OTTAWA, Sept. 25 /CNW Telbec/ - A new poll commissioned by the Rideau
Institute reveals a high degree of public anxiety with Stephen Harper and his
Conservative Party's 20-year, $490 billion defence strategy, with half of
Canadians supporting a reduction in this planned spending. "Canadians are
questioning Conservative Party priorities," concluded Steven Staples,
President of the Rideau Institute. "With storm clouds forming over our economy
and federal budget surpluses vanishing, the next government will have to
decide whether it wants to protect funding for social programs such as health
care, or commit a half a trillion dollars to a new mega-defence strategy."
"One in two Canadians (51.8%) would like to see the spending on Stephen
Harper's 20 year defence strategy reduced," stated Nik Nanos, President and
CEO of Nanos Research, the firm that conducted the poll. "Only one in four
Canadians (27%) would like to see the plan continue as proposed, while one in
ten (11%) would like to see defence spending increase. Ten percent of
Canadians were unsure."
In every geographic, age and party preference category, more Canadians
prefer reducing planned Conservative defence spending rather than maintaining
or increased it. Support for the reduction in spending is highest among
Quebecers (62.4%); Bloc Quebececois supporters (72.9%) and Canadians aged
18-29 (56%). Slightly more female voters (54%) to males (49.7%) prefer reduced
Such strong concern about increased defence spending may reflect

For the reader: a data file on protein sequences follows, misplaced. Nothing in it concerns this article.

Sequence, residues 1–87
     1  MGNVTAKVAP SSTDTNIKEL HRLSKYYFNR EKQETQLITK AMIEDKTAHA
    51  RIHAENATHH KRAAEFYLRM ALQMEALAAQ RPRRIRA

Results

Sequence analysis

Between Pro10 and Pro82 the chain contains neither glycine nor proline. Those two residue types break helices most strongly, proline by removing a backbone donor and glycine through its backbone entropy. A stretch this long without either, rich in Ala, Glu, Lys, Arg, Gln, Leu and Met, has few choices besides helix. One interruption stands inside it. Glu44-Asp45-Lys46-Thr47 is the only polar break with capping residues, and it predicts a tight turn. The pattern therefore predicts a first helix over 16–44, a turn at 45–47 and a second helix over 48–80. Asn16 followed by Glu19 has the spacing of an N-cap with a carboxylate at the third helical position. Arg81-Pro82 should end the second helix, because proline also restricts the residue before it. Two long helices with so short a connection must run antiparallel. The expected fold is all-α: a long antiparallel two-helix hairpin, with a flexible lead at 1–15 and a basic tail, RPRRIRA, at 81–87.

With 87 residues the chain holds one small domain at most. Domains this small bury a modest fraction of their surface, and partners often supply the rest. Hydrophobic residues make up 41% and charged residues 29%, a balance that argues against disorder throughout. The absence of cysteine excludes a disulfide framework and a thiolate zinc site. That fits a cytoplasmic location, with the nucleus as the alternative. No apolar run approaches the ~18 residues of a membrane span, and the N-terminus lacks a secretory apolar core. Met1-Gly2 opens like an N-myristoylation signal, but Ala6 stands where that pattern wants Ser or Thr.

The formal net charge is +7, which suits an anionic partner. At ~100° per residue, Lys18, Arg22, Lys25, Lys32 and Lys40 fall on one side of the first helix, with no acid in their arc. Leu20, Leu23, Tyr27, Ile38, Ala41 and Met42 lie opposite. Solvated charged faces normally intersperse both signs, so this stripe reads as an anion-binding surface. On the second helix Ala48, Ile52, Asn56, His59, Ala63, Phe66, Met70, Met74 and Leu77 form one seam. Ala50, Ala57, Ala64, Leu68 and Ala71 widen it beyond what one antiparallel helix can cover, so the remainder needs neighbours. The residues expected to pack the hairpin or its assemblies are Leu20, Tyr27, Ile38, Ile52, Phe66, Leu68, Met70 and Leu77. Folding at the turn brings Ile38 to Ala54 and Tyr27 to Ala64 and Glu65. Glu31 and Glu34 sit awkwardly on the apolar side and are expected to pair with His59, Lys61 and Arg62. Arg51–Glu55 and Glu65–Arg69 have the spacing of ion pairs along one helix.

Canadians' uneasiness over the continuing war in Afghanistan. While military
costs associated with the war continue to rise, so too does the human cost in
terms of the lives of Canadian soldiers, military personnel and Afghan
civilians. At the same time, cynicism is growing over the lack of positive
results from the conflict as well as concerns over non-competitive government
contracting for new military equipment.
"These numbers should be a wake-up call to all political parties to
carefully re-evaluate their defence strategies, particularly when it comes to
costing them out and funding them," said Staples, "Canadians are paying
(Download the Nanos Research poll)
The poll results are based on a random telephone survey of
1,200 Canadians from September 20th to September 22nd, 2008. The margin of
accuracy for a sample of 1,200 is +/-2.8%, 19 times out of 20. For more
information on polling technique please visit www.nanosresearch.com.
The Rideau Institute on International Affairs is an independent research,
advocacy and consulting group based in Ottawa. It provides research, analysis
and commentary on public policy issues to decision makers, opinion leaders and
the public. It is a federally registered non-profit organization, established
in January 2007.
For further information: Steven Staples, Rideau Institute, c. (613)